Several members of the CRC have rejected the ICG report, calling it baseless, the BBC reported on 15 June. The CRC also rejected the report's recommendation that the Constitutional Loya Jirga slated for October be cancelled, thus allowing more time for a more representative gathering. In his 15 June press release, UNAMA spokesman de Almeida e Silva rejected the report's assertion that sufficient time has not been allocated for public discussion on the new constitution and that the constitutional-drafting process has not been transparent. The draft of the new constitution has yet to be made public and the consultation process has been conducted mostly with select groups. Some critics charge that the CRC and its backers are arguably more interested in meeting deadlines than in ensuring that the new Afghan constitution reflects the wishes of the majority of Afghans (see "RFE/RL Afghanistan Report," 16 January and 3 April 2003). (Amin Tarzi)

Three members of the CRC met on 11 June with Nangarhar Province Deputy Governor Mohammad Asef Qazizada and began the process of collecting information on Nangarhar residents' opinions of the draft Afghan constitution, Nangarhar radio reported. Qazizada said the future constitution "should be comprehensive, Islamic, and Afghan," and be acceptable to all Afghans. The public-consultation process was originally scheduled to last from 1 May to 30 June, but its start was delayed until 1 June. It is likely that the CRC has decided to shorten the time allotted for public consultation and present the Afghans with a document -- the draft of which has not been made public -- without true public participation, as is suggested by a recent ICG report (see above) (see "RFE/RL Afghanistan Report," 10 April and 5 June 2003). (Amin Tarzi)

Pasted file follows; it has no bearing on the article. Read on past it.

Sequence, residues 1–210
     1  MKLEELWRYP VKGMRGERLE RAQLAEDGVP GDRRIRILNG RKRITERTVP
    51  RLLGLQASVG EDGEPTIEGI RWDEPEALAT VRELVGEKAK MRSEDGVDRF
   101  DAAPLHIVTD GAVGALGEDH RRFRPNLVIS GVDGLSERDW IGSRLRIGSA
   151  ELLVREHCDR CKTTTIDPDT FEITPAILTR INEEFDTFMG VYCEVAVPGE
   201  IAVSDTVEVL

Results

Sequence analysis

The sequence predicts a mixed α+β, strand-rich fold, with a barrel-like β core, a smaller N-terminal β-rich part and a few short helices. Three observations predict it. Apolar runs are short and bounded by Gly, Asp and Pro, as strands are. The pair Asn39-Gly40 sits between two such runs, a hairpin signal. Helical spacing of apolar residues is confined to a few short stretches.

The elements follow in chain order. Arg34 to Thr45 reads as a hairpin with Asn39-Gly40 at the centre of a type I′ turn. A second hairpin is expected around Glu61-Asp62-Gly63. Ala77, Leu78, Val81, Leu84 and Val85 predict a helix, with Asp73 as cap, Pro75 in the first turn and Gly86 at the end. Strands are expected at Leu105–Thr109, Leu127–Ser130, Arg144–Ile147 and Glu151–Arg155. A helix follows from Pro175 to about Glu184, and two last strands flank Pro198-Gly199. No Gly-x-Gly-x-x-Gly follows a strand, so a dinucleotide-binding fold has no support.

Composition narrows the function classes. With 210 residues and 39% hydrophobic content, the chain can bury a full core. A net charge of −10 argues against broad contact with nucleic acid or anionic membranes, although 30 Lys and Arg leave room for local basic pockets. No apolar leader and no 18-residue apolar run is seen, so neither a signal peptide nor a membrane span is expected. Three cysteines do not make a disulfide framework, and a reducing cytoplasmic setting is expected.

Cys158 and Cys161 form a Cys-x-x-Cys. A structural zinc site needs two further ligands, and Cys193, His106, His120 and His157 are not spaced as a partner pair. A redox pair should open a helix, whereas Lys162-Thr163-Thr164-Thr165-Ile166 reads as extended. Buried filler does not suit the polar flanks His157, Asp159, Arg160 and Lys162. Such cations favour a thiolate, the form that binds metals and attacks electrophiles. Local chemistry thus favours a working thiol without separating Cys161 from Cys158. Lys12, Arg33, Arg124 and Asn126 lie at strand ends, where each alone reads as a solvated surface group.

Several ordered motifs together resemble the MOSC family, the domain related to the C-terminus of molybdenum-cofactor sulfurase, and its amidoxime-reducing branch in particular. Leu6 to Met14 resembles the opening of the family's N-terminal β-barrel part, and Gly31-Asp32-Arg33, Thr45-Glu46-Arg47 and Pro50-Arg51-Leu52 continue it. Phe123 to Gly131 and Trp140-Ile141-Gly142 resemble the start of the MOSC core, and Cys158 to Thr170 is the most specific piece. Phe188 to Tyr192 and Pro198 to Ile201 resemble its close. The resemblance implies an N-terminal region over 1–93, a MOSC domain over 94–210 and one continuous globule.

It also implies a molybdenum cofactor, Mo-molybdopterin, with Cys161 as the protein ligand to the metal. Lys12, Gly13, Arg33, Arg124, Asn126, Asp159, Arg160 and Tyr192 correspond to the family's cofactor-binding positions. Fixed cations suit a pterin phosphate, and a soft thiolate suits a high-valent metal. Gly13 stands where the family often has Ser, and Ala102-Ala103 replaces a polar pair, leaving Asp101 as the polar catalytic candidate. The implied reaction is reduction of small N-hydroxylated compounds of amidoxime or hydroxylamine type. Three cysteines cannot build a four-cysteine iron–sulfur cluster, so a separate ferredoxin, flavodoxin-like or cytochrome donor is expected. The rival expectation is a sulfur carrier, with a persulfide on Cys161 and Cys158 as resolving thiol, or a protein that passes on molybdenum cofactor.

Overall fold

Nematullah Shahrani, one of deputy chairmen of the Afghan Transitional Administration and the head of the CRC, visited Kandahar Province on 11 June to explain the draft constitution to the people, Iranian state radio's Mashhad-based Dari service reported on 12 June. Shahrani said the new constitution will be adopted in accordance with the principles of Islam, but he did not elaborate whether the new document will make Islamic jurisprudence the basis of law of Afghanistan. Shahrani said the draft constitution contains no provisions for a federal Afghan state. A preliminary draft of the constitution obtained by RFE/RL confirms Shahrani's comments (see "RFE/RL Afghanistan Report," 24 April 2003). (Amin Tarzi)